Ralph Keen is writing for us this week from the annual meeting of the American Society of Church History in New York City. Keen is Arthur J. Schmitt Foundation Chair of Catholic Studies and Professor of History at the University of Illinois-Chicago. In 2018 he was president of the ASCH.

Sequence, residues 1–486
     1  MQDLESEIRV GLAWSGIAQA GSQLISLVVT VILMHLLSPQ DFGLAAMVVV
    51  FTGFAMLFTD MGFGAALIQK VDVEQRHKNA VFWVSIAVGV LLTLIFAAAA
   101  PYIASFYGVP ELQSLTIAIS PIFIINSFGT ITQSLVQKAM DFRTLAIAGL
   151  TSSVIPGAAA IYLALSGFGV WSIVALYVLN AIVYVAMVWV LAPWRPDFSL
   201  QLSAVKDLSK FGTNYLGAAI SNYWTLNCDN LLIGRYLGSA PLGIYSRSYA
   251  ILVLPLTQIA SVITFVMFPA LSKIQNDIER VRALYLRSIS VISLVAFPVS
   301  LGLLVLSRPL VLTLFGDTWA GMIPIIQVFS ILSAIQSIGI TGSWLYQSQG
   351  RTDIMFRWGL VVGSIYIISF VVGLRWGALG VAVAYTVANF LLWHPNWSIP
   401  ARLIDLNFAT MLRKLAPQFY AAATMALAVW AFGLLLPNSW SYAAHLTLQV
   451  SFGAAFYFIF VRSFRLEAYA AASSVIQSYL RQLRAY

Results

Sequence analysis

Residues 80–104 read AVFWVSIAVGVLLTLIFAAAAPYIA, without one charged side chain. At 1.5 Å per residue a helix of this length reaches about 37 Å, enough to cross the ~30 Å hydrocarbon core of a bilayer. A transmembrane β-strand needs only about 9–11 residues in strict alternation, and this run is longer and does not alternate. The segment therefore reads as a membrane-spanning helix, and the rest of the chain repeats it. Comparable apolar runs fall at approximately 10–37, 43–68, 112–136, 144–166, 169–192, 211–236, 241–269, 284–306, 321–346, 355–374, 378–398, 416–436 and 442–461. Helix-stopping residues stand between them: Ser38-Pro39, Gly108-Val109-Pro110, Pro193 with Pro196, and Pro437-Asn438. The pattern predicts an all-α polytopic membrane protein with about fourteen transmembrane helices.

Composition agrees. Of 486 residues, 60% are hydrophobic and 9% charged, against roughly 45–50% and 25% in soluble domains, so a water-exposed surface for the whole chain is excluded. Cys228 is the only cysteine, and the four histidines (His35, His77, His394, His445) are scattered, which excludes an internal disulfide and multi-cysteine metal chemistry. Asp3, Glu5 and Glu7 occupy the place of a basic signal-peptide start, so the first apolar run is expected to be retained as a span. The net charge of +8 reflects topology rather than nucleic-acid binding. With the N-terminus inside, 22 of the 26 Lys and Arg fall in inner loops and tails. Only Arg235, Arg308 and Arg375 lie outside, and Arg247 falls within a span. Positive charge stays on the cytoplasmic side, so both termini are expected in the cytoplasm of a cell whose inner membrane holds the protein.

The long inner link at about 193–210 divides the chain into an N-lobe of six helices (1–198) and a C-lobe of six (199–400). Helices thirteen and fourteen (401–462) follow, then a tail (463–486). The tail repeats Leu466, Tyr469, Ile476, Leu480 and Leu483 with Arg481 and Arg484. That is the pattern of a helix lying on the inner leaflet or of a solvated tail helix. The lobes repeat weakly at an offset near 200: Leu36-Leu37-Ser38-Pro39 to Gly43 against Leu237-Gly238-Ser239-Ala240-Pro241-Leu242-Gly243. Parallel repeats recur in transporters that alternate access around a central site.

In a session on uses and representations of Judaism in the Reformation era, Samuel Dubbelman (Boston U) described Johann Matthesius’s role as the source of a legend in which a Polish Jew named Michael of Posen tried to assassinate Luther with poison; Erik Lundeen (Baylor) uncovered new points in John Foxe’s sermons (on the occasion of a Jew’s conversion to Christianity) that reveal a deeper ambivalence toward Judaism than previously recognized; and Brian Hanson (Bethlehem College, MN) examined pre-1560 Tudor sermons for their use of examples from the Prophets. Thomas Becon as Elijah, Robert Crowley on the role of a shepherd—both adopting Biblical personas in their rhetoric. All three papers uncovered nuances in these Reformers’ attitudes to Judaism, the Jewish rejection of “idolatry and superstition” providing a basis for an affinity with the anti-Catholic rhetoric and tempering the anti-Judaism usually associated with early Protestantism.